My QuickPicks
Register now to activate

Contents At A Glance

FE&SEditorial Archives2005January — E&S Spotlight

The Tide Is High For Seafood Menus
Operators require versatile kitchens, designated cold holding equipment and skilled chefs to maintain consistent quality in seafood preparations.

A custom-built hot and cold holding station in the service kitchen at the Union Oyster House accommodates full- and half-size drop-inwells for soups, broths, chowders, sauces and garnishes.

Due to healthful attributes, the expanded availability of many different types of fish and shellfish, and today’s chefs’ culinary creativity, seafood menus have attained a high watermark of popularity, with operators reporting demand for seafood at an all-time high. In any type of facility, properly equipped kitchens enhance the chef’s ability to prepare seafood menus to attain the highest product quality, as well as profits. Generally, standard hot-line equipment is used to support seafood menus, but specialty items are found in some kitchens. For example, Ed Brown, executive chef at The Sea Grill in New York City and a noted authority on seafood preparation, advocates the use of the plancha griddle for some seafood preparations due to the even heat distribution the Spanish-style griddle can provide.

The Union Oyster House, located near Quincy Market in Boston, first opened its doors in 1826 in a former dry goods store, making it the oldest continuously operating restaurant in the nation. Daniel Webster was an early patron, coming in every day for brandy and plates of oysters. The Union Oyster House was also a favorite of John F. Kennedy, whose upstairs booth is commemorated with a small brass plaque, and Senator John Kerry stops by every couple of weeks to enjoy the oysters and classically prepared seafood dishes popular with tourists and locals alike.

The original soapstone ice trough in the old oyster bar at the Union Oyster House has been lined with hammered copper for sanitation purposes, but otherwise the oyster bar remains much the same as when oysters were served there to denizens such as Daniel Webster in the early 1800s.

Although the cozy ambiance of the Union Oyster House has remained the same throughout decades of operation, back-of-the-house operations have evolved with the times. When Executive Chef Bill Coyne came onboard five years ago, he was responsible for replacing aging equipment in the service kitchen on the first floor and in the main kitchen on the second, including five reach-in refrigerators, roof-top compressors for two walk-in refrigerators, and four stoves. He also added an upright steamer, a 40-gal. kettle and a high-powered mixer in a space adjacent to the hot line in the main kitchen. Coyne is currently researching dishwashers, with plans to replace the restaurant’s current unit in the slower months this winter, and also hopes to upgrade the kitchen’s island-style chef’s prep table so that undercounter refrigerated storage will work more efficiently.

“We have a classic menu here at the Union Oyster House, and cook our seafood using classic methods,” said Chef Coyne. “We still boil our lobsters in a big, old, steel pot on the stove. We don’t use anything like the new, patented lobster cooker that Jasper White [the creator of Jasper White’s Summer Shack] is now selling. We might use our steamer if we got slammed for an order of 30 lobsters at once, though,” he confessed.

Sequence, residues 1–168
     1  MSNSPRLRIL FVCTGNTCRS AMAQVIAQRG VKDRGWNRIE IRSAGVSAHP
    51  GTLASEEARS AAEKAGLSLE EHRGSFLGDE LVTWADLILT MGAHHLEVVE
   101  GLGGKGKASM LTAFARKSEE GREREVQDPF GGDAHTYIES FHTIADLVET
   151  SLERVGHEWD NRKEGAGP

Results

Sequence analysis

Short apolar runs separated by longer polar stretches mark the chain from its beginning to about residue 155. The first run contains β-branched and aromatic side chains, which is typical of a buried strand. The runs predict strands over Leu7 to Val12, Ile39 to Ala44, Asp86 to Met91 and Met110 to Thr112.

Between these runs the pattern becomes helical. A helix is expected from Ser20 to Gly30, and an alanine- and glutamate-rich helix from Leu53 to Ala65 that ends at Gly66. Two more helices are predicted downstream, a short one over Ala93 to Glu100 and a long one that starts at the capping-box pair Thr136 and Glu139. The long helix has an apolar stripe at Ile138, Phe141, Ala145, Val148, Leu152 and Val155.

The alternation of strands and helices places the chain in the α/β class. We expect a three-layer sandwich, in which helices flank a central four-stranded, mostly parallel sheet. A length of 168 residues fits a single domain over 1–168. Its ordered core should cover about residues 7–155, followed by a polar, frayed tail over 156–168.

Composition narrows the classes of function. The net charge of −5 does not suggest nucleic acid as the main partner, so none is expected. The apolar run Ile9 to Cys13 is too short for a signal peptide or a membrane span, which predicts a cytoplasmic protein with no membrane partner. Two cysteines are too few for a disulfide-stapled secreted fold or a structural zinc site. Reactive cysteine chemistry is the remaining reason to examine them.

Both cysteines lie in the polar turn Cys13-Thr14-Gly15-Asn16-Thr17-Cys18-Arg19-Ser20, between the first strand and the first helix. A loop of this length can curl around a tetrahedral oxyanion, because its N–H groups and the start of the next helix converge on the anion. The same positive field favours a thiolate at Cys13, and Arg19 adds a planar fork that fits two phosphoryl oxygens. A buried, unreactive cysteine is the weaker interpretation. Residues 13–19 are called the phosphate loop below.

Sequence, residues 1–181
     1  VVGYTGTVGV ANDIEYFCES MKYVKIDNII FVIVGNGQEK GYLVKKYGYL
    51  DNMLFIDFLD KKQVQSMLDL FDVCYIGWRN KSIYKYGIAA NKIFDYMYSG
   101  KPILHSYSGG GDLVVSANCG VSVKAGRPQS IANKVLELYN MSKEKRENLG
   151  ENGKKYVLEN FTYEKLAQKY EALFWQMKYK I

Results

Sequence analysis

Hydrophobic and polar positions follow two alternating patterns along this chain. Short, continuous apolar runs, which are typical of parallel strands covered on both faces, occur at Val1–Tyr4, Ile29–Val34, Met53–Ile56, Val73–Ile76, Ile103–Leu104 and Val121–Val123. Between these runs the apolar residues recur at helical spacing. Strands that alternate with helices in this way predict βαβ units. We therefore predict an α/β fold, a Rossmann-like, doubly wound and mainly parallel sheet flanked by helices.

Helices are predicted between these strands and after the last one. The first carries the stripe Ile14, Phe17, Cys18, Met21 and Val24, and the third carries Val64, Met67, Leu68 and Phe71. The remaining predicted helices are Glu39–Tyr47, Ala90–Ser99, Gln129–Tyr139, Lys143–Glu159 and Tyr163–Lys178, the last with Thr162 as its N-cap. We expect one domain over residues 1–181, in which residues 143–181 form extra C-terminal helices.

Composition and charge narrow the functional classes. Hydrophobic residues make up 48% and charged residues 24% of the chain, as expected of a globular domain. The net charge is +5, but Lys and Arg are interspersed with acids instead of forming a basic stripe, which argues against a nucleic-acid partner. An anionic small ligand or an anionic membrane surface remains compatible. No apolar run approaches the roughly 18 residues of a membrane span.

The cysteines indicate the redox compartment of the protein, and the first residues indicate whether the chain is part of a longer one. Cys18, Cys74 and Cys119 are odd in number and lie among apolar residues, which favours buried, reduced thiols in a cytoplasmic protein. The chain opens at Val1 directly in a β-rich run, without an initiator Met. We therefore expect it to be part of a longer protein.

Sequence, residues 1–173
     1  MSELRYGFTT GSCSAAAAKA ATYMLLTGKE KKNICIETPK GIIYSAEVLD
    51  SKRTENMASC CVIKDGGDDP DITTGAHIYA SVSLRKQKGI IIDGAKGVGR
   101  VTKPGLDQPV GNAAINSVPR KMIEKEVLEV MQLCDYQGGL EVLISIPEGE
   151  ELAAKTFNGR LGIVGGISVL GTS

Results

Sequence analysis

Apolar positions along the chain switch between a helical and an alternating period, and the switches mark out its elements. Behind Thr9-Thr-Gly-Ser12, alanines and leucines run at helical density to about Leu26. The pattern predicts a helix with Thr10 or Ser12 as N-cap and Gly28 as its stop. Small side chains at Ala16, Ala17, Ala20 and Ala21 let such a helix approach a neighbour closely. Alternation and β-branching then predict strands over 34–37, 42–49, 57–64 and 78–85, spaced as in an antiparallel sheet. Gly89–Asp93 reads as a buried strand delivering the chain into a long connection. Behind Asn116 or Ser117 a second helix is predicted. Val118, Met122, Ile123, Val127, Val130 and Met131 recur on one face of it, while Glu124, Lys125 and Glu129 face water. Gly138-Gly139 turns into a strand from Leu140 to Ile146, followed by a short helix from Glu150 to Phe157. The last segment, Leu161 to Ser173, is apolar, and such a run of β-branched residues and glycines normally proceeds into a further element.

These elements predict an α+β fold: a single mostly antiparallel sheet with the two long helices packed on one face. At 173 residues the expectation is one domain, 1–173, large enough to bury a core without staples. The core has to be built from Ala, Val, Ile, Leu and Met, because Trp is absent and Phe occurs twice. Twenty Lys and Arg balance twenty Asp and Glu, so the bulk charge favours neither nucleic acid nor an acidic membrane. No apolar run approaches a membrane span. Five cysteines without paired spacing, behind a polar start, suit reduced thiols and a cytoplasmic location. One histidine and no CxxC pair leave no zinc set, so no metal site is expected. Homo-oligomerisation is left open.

The hot line in the main kitchen includes two ranges with six open burners each and conventional ovens below, as well as a grill, a broiler and two double-basket fryers. The ranges were initially outfitted with flat-top burners, but were changed over to open tops as Coyne found that they provided his chefs with greater control in the production of seafood menu items. “We gave up the ease of use that the flat-top burners provided for a greater quality in preparation that we found with open burners,” he commented.

Prep equipment added to the main kitchen at the Union Oyster House in recent years includes a steamer, a 40-gal. kettle and a countertop mixer.

The smaller kitchen used for food prep and service of patrons on the first floor of the Union Oyster House contains an expediting station with hot wells and bain maries for chowders, bisques, soups and sauces. Beneath the hot wells are heated drawers used to hold the house-specialty cornbread, which is made fresh every day in the restaurant’s bakery kitchen. The kitchen also contains one stove, a grill and a fry station. Next to the fry station is a custom fry prep cart used to facilitate breading that relies on stainless-steel wire mesh basket strainers and stainless-steel bowls.

Daniel Webster would still recognize the half-circle oyster bar just inside the entrance to the Union Oyster House. Although a copper coating has been hammered over the old soapstone ice troughs to hold fresh oysters at safe temperatures, oyster shuckers still work in the window there, busily shucking oysters for patrons who clamor for coveted stools at the bar. A live lobster tank, once commonly found in classic, upscale seafood restaurants, has an old-time look to it, but was actually replaced two years ago in favor of a unit that includes a filtration system located in the basement. This system keeps temperatures and saline levels perfect for holding live lobsters until they are cooked.

The Neptune Room brought a sophisticated seafood dining option to Manhattan’s Upper West Side when this charming restaurant with a two-tiered dining room opened in May 2003. Executive Chef/partner Glenn Harris’ menu features innovative cuisine inspired by Mediterranean influences, as well as the house’s pride: the “Bait Bar,” which offers small plates of distinctly seasoned raw, or cooked-then-chilled seafood, along with raw oysters, clams and shrimp.

Menus determined choices for the key hot-line equipment in the kitchen at The Neptune Room, including an eight-burner range with conventional ovens below, a char grill with refrigerated drawers for station mise en place, and a double-stacked convection oven.